This Shirley Temple doll is significant as the most successful doll ever sold up until the late 1930s. Over six million Shirley Temple dolls were sold, and many firms worldwide copied the doll because of its phenomenal success.
The Shirley Temple doll charts the rise of personality dolls modelled on film stars and celebrities and is an early example of toy film merchandise. Even in the 1930s it is likely that Shirley Temple dolls were purchased as items of memorabilia by fans wanting a link to Shirley's short-lived but extraordinarily successful career.
The doll documents the developing relationship between toy manufacturers and the film industry. The Ideal Novelty & Toy Co successfully capitalised on Shirley Temple's growing box-office success to create a succession of replica dolls. The dolls wore outfits which resembled Shirley's own clothes or actual clothing worn in her films. This particular doll's outfit is based upon the dress worn by Shirley Temple in the role of orphan Shirley Blake in the 1934 movie 'Bright Eyes'. This is the dress in which Shirley famously sang 'On the Good Ship Lollipop'.
While the Shirley Temple doll has obvious appeal as a toy, it also functions as an item of film merchandise and was probably purchased by adult Shirley Temple fans. The Shirley Temple composition doll came in nine sizes from 11 inches up to 27 inches tall. The size and quality of the doll and clothing would have made them expensive items.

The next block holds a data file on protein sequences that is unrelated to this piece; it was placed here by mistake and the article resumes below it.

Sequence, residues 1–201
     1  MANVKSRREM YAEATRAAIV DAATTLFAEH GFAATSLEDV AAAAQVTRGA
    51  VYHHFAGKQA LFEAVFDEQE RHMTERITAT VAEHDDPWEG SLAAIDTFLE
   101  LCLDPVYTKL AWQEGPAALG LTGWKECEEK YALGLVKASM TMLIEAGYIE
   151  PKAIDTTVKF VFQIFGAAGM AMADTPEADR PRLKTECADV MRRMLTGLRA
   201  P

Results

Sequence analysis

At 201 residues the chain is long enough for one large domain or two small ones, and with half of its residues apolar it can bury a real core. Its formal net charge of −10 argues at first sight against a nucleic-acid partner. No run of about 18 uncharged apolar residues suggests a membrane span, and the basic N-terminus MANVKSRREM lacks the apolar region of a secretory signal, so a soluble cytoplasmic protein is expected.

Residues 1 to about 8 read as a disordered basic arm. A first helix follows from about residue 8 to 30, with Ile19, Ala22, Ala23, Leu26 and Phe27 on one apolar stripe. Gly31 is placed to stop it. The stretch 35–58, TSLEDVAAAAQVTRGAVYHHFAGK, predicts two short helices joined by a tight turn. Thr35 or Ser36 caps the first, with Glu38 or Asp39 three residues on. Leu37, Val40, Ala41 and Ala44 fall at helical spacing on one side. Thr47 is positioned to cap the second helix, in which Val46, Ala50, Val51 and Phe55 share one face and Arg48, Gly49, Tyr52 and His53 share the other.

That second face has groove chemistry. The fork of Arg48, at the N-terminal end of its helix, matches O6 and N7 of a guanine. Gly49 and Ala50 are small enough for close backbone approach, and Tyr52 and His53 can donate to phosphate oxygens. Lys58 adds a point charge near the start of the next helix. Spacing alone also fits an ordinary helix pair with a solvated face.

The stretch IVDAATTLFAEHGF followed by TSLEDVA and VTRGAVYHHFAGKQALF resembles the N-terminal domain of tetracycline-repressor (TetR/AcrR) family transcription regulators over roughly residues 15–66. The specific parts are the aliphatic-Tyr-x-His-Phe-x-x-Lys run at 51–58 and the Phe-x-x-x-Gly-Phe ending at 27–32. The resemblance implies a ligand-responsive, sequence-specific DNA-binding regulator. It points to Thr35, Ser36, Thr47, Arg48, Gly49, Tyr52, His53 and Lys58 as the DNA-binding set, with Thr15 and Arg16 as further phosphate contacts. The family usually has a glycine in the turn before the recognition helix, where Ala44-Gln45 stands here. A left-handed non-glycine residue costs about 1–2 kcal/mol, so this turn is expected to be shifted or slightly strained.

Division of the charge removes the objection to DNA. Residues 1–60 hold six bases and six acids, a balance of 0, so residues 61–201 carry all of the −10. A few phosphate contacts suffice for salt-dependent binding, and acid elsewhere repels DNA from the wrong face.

The doll also documents the international toy market of the 1930s. Many Australian manufacturers produced look-a-like Shirley Temple dolls, including Ruby Wharrie's Trio Doll Company which created 'Shurl'. From 1939 Sydney shop S Hoffnung & Co secured the rights for Shirley Temple. The imported parts were assembled and dressed in Australia.
The doll has excellent provenance and is supplemented by stories and photographs of its use by Elizabeth Gibson and two sets of home-made spare clothing. Elizabeth recalled that while she 'loved her dearly, she was a bit special'.
Shirley Temple dolls are highly collectable depending on age, condition and completeness. This is an early marked example in fair condition missing only the original ribbon and shoes.